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With Damon "Tuba Gooding Jr." Bryson on the tuba, James Poysner on the keys,
Kirk Douglas on guitar, Frank Knuckles on percussion, Owen Biddle on bass, DJ J. Period on the turntables, Questlove on drums and Black Thought holding the mic beside the God, the evening was set to be more than memorable.
"We gon' get comfortable up here," Rakim told the eager audience, who, now at 1AM, waited since 11:30PM to witness the man of the hour -- albeit tardy -- kick his rhymes. "It's been a long time but it's good to be here tonight. Word up. I have the best band behind me."
Dressed in a cream-colored button down, the Long Island native sat comfortably on the stage, resting on a stool, bathed in a purple glow from the heated lights above. "I came in the door, I said it before/ I never let the mic magnetize me no more," rapped Rakim in his signature laid-back style, spitting the famous lyrics from the album's classic track, 'Eric B. Is President.' With his longtime partner not in attendance -- J. Period manned the 1s and 2s -- the lyricist switched up the ode's rhymes. "Eric B. ain't on the cut but my name is Rakim."
A former saxophonist himself, Rakim gelled well with the band, each member feeding off the rapper and vice versa. Journalist Touré probed the veteran MC between breaks in his set, asking if he thought of himself as the No. 1 MC of all time, just as his supporters did. "Do I think that?" Ra said. "Nah, I'm probably one of the most modest dudes. I appreciate the people calling me that. I don't think my humbleness will allow myself to call me that."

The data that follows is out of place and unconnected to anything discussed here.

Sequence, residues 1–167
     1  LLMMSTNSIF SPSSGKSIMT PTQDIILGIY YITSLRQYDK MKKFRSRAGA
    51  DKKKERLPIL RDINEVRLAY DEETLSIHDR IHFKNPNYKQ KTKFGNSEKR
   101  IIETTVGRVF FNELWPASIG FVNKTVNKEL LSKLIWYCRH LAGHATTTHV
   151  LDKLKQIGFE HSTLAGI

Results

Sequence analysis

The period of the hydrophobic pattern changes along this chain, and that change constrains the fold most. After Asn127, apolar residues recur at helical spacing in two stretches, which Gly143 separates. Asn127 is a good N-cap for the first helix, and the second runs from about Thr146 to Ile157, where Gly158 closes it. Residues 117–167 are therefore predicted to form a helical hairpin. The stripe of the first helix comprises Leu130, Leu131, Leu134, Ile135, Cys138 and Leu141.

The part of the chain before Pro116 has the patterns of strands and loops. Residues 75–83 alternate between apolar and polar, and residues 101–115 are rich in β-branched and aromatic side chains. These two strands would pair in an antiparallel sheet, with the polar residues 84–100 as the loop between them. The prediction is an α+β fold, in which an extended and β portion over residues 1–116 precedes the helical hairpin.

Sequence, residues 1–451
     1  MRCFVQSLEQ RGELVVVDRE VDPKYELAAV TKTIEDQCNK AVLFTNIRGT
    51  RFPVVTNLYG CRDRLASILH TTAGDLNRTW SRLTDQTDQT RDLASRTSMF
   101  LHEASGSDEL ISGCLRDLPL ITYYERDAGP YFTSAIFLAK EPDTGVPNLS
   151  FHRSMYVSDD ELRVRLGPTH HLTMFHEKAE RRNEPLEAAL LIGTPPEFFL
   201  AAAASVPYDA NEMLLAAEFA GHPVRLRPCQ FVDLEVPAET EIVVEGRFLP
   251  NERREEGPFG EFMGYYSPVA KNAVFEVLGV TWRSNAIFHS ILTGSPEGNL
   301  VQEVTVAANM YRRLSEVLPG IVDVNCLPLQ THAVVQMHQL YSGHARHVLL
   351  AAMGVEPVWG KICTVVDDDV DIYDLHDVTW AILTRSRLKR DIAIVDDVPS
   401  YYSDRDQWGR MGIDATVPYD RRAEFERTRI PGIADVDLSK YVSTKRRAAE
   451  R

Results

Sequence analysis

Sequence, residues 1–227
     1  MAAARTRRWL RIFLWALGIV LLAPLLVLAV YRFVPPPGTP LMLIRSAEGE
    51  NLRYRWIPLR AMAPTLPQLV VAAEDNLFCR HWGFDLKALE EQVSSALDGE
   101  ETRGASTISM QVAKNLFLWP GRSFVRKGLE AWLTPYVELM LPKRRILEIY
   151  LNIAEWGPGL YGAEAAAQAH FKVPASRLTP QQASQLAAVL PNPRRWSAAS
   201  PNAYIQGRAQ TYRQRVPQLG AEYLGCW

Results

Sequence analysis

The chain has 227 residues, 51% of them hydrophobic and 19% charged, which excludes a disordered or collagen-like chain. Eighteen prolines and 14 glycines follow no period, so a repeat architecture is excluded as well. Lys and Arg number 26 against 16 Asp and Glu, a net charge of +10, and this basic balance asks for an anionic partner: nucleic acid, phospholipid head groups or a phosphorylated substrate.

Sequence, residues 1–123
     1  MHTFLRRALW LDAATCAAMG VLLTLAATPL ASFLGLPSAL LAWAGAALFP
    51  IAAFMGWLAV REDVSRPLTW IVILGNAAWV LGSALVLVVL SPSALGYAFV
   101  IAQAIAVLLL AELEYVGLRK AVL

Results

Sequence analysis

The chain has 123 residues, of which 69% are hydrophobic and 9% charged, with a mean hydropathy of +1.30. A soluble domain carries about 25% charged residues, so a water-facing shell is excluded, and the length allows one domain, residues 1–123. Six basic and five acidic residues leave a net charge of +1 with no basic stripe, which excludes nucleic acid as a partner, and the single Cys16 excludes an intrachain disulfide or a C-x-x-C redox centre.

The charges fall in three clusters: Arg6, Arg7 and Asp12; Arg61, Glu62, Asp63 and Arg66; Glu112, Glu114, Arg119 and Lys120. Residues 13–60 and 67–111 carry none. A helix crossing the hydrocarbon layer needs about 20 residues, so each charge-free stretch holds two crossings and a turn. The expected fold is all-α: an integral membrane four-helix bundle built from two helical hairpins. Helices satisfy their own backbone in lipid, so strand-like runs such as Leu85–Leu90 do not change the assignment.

The 43-year-old moved through songs like 'As the Rhyme Goes On,' 'Paid in Full,' 'I Know You Got Soul' and 'My Melody' with the same vigor as a hungry rapper of 18 -- his age when 'Paid in Full' first debuted. In the intimate atmosphere, Rakim, who had the crowd chanting the lyrics to many of his tracks word-for-word, was in his true element.
Before ending the show with 'Juice (Know the Ledge),' the theme song to the 1992 flick 'Juice,' one fan in the audience chose to unveil himself and speak on the impact Rakim's lyrics had throughout the course of his life. "I came out of hiding for this," comedian Dave Chappelle admitted. "You are my favorite of all time. You remember your life via music. You came out with 'Follow the Leader.' It was the first time I ever heard someone make a reference to their third eye. I love what you do and love the memories you scored."